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This look at groupthink activities starts with this scenario: A group of programming students, working in small teams, has a set of requirements. Their job is to specify the behavior of a ordinary desktop telephone with integrated answering machine. They must coordinate their activity to determine how successful their design specification was. The game poses some questions about the how a telephone behaves, and each team member must answer the questions individually. There are no right or wrong answers; instead, the goal of the groupthink game is for all team members to give the same answer. This indicates that they have constructed a specification that they can all understand and that covers all possible behaviors.
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Solving a Cryptographic Problem
Another groupthink activity involves students solving a cryptographic puzzle. From the entire group, you create teams and each person receives a set of the same instructions on what to do. However, there is also one set of “secret" instructions given to one person in the entire group.
The overall game occurs in two-minute intervals. If the team can decrypt the message in 2 minutes, the rewarded is 200 points; between 2 and 3 minutes, 50 points and after 3 minutes, 0 points.
The “secret" set of instructions involves the following: Teams should cooperate with each other, and each team should work to decrypt one word, and then share the results with the other teams. All teams can win if they get the answer within the allotted time period. The person holding the “secret" instructions becomes the defacto leader and can run the Groupthink activity. The teams can choose to go along with the suggestions or not. However, there is a greater chance of success if all teams work cooperatively, instead of individually.
Source: Group Games and Activities
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GroupThink on Mount Everest
In 1996, eight people died during a single day in their attempt to reach the summit of Mount Everest. Not only first-time climbers, but seasoned veterans who had reached the summit before died on that day. Journalist Jon Krakauer has documented the entire story in his book, “Into Thin Air."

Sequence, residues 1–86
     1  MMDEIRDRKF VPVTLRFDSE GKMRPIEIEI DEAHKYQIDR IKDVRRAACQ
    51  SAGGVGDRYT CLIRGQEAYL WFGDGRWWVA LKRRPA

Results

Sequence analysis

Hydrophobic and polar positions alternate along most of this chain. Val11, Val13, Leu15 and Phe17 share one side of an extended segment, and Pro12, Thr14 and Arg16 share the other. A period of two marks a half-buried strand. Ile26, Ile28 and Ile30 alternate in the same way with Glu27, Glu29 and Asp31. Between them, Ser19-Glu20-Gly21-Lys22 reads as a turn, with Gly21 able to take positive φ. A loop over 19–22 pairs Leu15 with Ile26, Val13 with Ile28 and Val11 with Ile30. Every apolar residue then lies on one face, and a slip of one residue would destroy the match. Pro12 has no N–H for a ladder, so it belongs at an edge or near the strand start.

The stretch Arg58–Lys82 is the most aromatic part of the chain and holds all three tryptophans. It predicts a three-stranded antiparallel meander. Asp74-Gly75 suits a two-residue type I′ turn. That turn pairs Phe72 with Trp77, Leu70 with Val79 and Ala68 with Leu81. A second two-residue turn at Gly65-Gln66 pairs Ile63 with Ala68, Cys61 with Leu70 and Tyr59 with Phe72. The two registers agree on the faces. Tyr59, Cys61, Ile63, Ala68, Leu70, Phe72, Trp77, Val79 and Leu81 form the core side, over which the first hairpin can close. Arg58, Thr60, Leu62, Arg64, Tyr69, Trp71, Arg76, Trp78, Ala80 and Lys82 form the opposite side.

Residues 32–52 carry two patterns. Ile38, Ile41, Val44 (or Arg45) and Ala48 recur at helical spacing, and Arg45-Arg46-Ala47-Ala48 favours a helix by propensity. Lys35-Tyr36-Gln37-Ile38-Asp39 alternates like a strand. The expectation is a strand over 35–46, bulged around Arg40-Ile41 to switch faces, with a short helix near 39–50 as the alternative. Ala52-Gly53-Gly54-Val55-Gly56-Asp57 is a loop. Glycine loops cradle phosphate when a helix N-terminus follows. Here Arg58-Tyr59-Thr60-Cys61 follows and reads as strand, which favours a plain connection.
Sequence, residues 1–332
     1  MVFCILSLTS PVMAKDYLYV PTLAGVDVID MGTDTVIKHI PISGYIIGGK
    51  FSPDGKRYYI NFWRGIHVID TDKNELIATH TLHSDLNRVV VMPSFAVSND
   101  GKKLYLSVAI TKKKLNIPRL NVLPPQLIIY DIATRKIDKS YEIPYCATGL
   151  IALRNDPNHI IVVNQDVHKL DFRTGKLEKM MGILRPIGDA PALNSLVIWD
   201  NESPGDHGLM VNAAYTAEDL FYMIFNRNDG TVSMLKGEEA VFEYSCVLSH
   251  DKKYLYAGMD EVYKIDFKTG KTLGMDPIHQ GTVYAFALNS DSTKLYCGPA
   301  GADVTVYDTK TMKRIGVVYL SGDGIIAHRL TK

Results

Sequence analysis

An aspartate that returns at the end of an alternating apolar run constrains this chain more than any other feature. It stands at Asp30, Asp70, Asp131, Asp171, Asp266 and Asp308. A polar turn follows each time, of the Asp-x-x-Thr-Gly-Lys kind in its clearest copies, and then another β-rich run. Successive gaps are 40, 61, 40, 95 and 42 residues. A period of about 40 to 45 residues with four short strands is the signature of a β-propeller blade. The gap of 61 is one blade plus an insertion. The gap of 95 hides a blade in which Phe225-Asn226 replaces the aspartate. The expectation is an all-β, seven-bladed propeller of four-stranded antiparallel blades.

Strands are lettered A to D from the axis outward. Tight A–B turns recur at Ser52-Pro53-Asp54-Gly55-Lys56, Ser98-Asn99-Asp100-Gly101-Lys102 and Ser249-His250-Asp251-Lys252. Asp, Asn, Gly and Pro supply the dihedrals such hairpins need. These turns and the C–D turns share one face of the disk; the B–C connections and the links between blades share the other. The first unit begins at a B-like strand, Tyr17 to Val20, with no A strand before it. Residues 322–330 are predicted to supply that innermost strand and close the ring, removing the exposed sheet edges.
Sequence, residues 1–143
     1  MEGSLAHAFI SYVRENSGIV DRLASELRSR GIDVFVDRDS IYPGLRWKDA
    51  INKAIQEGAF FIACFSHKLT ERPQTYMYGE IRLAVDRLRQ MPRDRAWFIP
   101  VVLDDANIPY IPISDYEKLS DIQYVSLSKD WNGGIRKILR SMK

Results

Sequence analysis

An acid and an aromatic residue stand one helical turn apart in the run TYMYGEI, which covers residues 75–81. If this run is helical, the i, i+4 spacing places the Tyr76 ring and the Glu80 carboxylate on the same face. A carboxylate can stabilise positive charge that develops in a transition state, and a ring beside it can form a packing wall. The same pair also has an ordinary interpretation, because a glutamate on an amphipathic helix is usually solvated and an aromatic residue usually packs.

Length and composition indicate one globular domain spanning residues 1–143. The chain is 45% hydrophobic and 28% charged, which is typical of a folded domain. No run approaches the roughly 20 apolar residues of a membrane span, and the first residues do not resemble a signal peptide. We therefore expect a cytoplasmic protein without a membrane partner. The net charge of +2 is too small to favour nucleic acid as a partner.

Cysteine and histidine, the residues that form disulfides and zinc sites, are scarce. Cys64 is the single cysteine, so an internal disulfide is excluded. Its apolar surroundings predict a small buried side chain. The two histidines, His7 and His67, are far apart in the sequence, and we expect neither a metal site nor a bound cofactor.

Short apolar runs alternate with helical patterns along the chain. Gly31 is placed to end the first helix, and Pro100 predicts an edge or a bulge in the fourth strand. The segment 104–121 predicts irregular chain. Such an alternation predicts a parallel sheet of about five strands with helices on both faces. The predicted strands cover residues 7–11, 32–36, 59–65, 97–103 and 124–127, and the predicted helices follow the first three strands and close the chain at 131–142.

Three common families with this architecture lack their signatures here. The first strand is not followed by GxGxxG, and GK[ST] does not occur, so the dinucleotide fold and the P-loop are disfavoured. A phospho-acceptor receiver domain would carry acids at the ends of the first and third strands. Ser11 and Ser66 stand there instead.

Several Groupthink features become clear from this fiasco. The team leaders, who were leading a commercial venture, had failed in reaching the summit with their clients in previous attempts. So there was pressure and prestige to do well by their clients this time around.
One of the elements that they had discussed was how fast the weather could change on the mountain, and because of that, they were to turn back if they had not reached a summit or landmark by a certain time.
Unfortunately, the team leaders did not heed their own warnings and advice. Here are some of the group think elements: The climbers were a tightly knit group. There was insulation from external advice. The leaders promoted their own preferred solutions, while at the same time there was a lack of clear decision-making.
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Groupthink can impact decision making in both positive and negative ways. Groups who cooperate can use it to solve problems, but also use it in ways that hurt the group and the individuals as well. It is not enough to have a common goal. The cryptographic and telephone specification groupthink activities showed that; but so did the Mount Everest example. Groupthink as a working solution can involve working with the entire group and reaching a consensus. However, it is also important to have a leader that can make decisions.
See Also: Groupthink Conflicts and Norms